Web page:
In-app purchases flaw exposes developers to costly hacks

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Developers need to check their in-app purchase code.
Developers need to check their in-app purchase code.
Photo: PhotoAtelier/Flickr

Sloppy coding in some popular iOS games allows hackers to give themselves and others thousands of dollars’ worth of in-app purchases for free.

The hole was discovered by developers at DigiDNA, creator of a backup tool called iMazing that allows iPhone and iPad users to access their devices’ hidden file systems. The developers found that the app backup/restore feature in iMazing 1.3 exposes weaknesses in the way games like Angry Birds 2 and Tetris Free handle in-app purchases.

To demonstrate how easy it is to hack in-app purchases using this method, the DigiDNA team tweaked Angry Birds 2 to start the game with 999,999,999 gems — the equivalent of $10,000 of in-game credits.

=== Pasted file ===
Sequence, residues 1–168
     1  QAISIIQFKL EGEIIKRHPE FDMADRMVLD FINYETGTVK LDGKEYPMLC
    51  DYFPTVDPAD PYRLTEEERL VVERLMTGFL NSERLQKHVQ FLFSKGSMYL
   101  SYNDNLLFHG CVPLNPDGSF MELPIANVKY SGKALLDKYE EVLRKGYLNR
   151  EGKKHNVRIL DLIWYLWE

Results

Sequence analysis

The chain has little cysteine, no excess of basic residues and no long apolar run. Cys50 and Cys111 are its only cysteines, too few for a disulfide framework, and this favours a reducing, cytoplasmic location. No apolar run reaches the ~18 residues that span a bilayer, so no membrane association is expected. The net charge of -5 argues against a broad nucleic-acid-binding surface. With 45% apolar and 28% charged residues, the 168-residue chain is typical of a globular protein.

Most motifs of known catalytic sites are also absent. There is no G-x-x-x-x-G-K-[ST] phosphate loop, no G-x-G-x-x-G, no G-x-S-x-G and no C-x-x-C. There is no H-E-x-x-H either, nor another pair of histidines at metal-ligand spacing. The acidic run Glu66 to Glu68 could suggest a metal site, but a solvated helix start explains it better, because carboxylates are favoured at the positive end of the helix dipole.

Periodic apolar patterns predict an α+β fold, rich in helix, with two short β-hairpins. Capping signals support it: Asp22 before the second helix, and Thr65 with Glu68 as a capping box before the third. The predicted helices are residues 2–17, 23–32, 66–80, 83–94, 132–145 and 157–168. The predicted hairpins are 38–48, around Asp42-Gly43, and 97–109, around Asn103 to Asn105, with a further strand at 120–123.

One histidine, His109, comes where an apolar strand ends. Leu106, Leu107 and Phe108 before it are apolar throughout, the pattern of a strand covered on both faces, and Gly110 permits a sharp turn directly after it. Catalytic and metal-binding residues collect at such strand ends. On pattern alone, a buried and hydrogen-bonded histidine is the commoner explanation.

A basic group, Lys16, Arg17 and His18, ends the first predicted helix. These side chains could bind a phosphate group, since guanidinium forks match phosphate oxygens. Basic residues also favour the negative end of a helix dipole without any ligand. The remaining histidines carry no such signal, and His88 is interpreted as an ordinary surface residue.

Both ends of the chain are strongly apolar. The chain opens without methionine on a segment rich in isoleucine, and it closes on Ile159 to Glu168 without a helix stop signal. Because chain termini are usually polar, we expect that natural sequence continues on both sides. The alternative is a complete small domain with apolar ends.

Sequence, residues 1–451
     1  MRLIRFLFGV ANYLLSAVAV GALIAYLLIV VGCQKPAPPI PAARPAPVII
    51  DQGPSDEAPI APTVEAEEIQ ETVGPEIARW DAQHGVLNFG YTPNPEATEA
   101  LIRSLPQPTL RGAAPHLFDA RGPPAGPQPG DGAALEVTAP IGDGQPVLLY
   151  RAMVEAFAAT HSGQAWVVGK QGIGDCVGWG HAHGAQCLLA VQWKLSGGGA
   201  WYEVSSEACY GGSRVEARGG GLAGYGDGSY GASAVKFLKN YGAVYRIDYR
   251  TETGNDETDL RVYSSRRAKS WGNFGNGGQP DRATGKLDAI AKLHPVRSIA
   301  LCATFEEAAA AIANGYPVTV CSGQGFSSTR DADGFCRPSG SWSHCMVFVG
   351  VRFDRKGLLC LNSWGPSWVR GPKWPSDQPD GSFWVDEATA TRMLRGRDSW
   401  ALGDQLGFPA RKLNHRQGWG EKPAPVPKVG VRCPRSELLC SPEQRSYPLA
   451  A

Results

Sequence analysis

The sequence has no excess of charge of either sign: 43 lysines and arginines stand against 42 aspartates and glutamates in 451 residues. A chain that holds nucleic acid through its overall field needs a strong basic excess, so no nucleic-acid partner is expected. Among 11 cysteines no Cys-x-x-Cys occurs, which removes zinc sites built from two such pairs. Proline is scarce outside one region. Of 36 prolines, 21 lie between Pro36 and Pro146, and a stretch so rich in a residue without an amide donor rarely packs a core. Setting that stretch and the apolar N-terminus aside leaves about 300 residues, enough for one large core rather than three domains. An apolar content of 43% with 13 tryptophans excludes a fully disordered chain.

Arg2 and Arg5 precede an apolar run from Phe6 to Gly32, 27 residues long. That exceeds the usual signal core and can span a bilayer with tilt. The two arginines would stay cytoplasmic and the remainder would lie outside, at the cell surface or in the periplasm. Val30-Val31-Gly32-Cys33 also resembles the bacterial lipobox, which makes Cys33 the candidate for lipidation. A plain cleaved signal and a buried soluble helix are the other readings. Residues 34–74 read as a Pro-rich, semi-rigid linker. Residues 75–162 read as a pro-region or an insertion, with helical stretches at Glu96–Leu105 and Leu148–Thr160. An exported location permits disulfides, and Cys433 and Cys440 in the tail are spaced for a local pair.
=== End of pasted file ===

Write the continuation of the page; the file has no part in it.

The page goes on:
Apple Kills Serious iPhone SMS Spoofing Flaw With iOS 6

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iphone-sms-text-message
Another great reason to install iOS 6.

Back in August, we told you about a serious SMS security flaw with the iPhone that opened the door to text message spoofing. At the time, Apple told users they could protect themselves by using its iMessage service rather that traditional SMS messages, but the Cupertino company appears to have rectified the issue in iOS 6.

iOS 5 Security Flaw Allows Access To Contacts List, Recent Calls & Text Messages Without Passcode

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Passcode locks are no match for a piece of software called XRY.
Passcode locks are no match for a piece of software called XRY.

Apple’s iOS devices has suffered a number of passcode flaws in recent years, which have allowed anyone to circumvent their security and access features within the device. The company has always been fairly quick to address these issues, but they continue to crop up.

The latest allows anyone with knowledge of the exploit to access your contacts list, your recent calls, your voicemail, your text messages, and more.